Today, when considering a place to plant yourself as a business or an employee, you'll inevitably run up against the question of whether open office floor plans--with their enormous, shared, cubicle-free layouts--hinder or boost collaboration and creativity.
Open office spaces have well-established benefits: increased collaboration and bonding among co-workers, easier communication, and an increase in idea cross-pollination.
Yet there are also downsides (both perceived and very real) to open floor plans too: they may increase the spread of illness and block employee's ability to be productive due to unavoidable sensory distractions, like a standing meeting nearby or someone walking by with brightly colored balloons. These are serious drawbacks not only for creating productive spaces, but for helping inspire employees to do their best work.
As a Facebook employee who works in one of the world's largest open offices called Building 20, I believe open offices can absolutely yield more productivity, collaborative work, and creativity, but only if done well.
At Facebook, utilizing open space well is exactly what the company seems to be doing, as Facebook employees are reportedly the happiest and most satisfied with their work, compared to peers at companies like Apple, Google, Yahoo, Amazon, and Tesla.
How exactly does Facebook make its massive, single-building office space work to bolster productivity, collaboration, and creativity?
1. Focus on mobility.
Each Facebook employee is given a laptop, not a desktop computer.
The major perk of a laptop as a primary work machine is the ability to detach from your desk any time; either for projecting work in a meeting room or for hiding away in a nook of the building to focus.
Of course, all that mobility isn't any good if there are no spaces dedicated to quietly dreaming up ideas or for holding group meetings. In Facebook's Building 20 there are countless meeting rooms for one-on-one meetings or sessions of 20 or more people, in addition to small "libraries" tucked throughout the campus, typically above the hustle of desks and walking paths. Each library is a dedicated quiet space where employees can kick back on a comfortable chair to plug-in and focus on ideas, read a donated book, or just relax for a few minutes away from otherwise biting distractions and stressors.
The ability to freely move and work anywhere on campus makes it possible to proactively avoid space-related distractions or constraints. Mobility also enables employees to avoid burning out by working in the same area day-in and day-out.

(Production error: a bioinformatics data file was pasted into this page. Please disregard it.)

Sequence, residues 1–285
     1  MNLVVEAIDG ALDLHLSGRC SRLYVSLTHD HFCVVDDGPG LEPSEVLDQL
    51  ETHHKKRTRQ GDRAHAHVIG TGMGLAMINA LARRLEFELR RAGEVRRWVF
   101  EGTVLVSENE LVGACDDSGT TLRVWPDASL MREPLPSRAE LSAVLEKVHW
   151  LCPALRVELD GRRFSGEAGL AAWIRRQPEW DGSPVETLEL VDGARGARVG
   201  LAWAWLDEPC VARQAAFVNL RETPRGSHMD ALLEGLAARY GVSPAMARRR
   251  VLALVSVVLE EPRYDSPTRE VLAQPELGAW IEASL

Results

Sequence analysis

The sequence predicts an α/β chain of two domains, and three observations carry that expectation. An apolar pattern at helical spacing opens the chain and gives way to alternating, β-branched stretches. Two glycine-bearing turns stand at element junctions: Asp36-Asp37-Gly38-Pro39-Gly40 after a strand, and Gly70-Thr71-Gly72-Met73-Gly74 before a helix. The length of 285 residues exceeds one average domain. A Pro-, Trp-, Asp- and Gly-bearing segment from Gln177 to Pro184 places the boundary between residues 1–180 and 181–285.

2. Allow for flexible scheduling.
In addition to physical mobility at the office, many Facebook employees have the flexibility to control their work schedule, within reason.
Early mornings and late evenings tend to be quietest times in the office, for example. So if you're an early bird or late night owl and want some time to work uninterrupted, you would have the flexibility to work whichever hours allow you to do just that.
Additionally, for many teams there's the ability to work from home on an as-needed basis (particularly if you're feeling under the weather). New parents get four months paid maternity or paternity leave, and because Wednesdays are typically reserved for non-meeting work (in what many employees have dubbed "Work from home Wednesdays"), camping out in a quiet corner of the campus for the bulk of a Wednesday becomes a convenient option to get work done.
And when it's time to come back to collaborate with team members, your dedicated desk is there waiting for you.
3. Empower individual boundaries.
Sensory distractions can be a major downside to open office floor plans, particularly when a few thousand employees are sharing the same work floor.
To help employees manage their individual boundaries and block-out visual and auditory distractions, Facebook provides large, 27-inch monitors for each desk as well as noise-cancelling headphones upon request.
While the large monitor helps block out visual distractions, the noise cancelling headphones can be used to block out auditory ones. But more than that: Both the monitor and noise-cancelling headphones provide a clear cue to co-workers and any passers-by that you're "in the zone" and shouldn't be bothered in that moment.
Both options provide a quick and efficient way to block out both uncontrollable and potential distractions.
4. Encourage serendipitous encounters.
The inverse to individual boundaries is also undoubtedly the largest benefit employees get from open office spaces: the increased likelihood of serendipitous encounters.
In small micro-kitchens scattered throughout our campus, nearly 3,000 of us occasionally stop throughout the day to grab coffee or water and snacks. In these moments we're likely to run into team members or other peers, each who inevitably capture our attention for a brief chat. The same encounters happen in the large cafe at one end of the building, where the majority of employees gather each day for lunch.
The result of these random, brief encounters is typically a friendly hello, a probe into what each person is working on, or guidance on how to tackle a problem or move an idea forward. In any case, serendipitous encounters fueled by shared communal spaces lead to something creatively inspiring, motivational, or generally good for morale.